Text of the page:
After the rehearsal in the Gstaad tent, Sharon, Alex and I went for a quick bowl of pasta to develop the sound of the mirliton we were searching for in the Nutcracker. My walk earlier hadn’t really helped me find the sensuous nature of the music or calmed my nerves, so I decided to throw caution to the wind and have a glass of red wine and see if it helped. Whenever I get nervous, the first thing that happens to me is I feel sick. Consequently, anything I can manage to eat before a concert such as this is a bonus, although I declined dessert and left the rest of the flutes to make my way back to the tent to feel nervous on my own. As is always the case when playing l’apres midi, I run through all sorts of scenarios that could occur to disrupt the performance. I don’t do it on purpose, it just happens. This starts with running through all the mistakes I tell my pupils at the Royal College not to make, followed by the ‘running out of breath’ one and then the possibility of playing a wrong note in the bit that everybody knows. After I have pre-sabotaged my own performance, I think about all the other things that could mean I didn’t have to play it. Maybe there will be a protest at the concert; it happens. Maybe there will be a torrential thunderstorm and the noise of the rain on the roof of the tent will obliterate the opening phrase to all but the back desks of violas at my feet. Maybe, the tent, weakened by Calleja and Hampson’s Pearl Fishers the night before, will have collapsed and blown into Germany. Maybe Damrau lit a scented candle a little too close to the curtains and there is no tent left…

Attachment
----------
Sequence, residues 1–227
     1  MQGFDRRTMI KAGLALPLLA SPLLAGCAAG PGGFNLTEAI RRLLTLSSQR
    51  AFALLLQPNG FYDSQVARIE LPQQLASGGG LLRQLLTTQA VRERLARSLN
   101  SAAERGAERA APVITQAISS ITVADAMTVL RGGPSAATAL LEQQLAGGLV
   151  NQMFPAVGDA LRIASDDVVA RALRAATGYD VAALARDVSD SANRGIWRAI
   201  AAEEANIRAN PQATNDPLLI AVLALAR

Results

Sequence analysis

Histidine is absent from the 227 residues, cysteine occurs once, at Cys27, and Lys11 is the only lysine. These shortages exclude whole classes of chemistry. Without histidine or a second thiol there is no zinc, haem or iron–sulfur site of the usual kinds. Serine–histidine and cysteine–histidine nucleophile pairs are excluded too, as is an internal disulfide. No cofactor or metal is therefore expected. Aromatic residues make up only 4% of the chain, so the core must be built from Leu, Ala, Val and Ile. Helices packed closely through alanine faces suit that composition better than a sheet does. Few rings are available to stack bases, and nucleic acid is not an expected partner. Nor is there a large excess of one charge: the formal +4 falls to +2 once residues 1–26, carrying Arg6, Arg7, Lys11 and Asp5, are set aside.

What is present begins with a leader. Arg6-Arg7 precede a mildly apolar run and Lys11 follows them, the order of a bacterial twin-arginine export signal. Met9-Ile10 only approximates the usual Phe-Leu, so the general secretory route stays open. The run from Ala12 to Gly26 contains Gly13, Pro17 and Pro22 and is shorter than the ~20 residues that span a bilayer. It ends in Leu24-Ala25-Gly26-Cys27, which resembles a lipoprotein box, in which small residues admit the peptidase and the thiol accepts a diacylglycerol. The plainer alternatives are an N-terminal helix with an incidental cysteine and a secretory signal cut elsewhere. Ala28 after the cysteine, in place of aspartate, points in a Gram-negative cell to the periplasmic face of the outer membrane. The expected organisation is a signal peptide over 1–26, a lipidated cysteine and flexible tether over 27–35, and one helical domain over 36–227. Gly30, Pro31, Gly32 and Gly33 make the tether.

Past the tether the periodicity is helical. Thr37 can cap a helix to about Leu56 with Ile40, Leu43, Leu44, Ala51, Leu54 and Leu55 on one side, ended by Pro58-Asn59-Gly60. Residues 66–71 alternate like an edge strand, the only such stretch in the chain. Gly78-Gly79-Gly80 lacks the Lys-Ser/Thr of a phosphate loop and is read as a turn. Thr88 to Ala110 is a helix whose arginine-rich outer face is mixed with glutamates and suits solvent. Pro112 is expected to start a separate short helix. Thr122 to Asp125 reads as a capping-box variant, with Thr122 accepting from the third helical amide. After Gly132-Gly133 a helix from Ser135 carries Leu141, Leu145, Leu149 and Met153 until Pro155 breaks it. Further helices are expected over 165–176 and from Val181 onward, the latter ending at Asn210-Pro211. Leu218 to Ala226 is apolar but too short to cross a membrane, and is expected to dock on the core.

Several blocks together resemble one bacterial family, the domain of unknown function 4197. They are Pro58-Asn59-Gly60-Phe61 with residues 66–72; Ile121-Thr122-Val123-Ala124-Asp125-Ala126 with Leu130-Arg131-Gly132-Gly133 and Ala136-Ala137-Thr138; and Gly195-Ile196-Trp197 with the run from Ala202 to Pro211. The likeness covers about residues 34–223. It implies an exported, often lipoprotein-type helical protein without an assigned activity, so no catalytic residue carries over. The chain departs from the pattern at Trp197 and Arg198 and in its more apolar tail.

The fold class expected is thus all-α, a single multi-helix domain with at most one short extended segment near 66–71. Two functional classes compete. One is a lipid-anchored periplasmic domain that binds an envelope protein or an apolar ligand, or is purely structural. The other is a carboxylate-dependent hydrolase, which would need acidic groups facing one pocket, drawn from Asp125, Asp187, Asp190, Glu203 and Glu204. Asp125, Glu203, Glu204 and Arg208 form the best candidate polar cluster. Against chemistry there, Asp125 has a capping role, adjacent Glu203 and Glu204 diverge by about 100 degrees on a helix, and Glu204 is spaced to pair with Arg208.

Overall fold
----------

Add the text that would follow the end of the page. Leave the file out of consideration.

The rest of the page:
“I’m really sorry mate.”